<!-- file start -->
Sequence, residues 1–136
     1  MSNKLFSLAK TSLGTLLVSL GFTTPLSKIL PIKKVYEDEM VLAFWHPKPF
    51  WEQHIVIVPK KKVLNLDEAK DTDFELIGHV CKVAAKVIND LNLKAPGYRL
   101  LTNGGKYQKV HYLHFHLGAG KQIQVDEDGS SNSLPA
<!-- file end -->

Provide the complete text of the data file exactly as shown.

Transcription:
Sequence, residues 1–136
     1  MSNKLFSLAK TSLGTLLVSL GFTTPLSKIL PIKKVYEDEM VLAFWHPKPF
    51  WEQHIVIVPK KKVLNLDEAK DTDFELIGHV CKVAAKVIND LNLKAPGYRL
   101  LTNGGKYQKV HYLHFHLGAG KQIQVDEDGS SNSLPA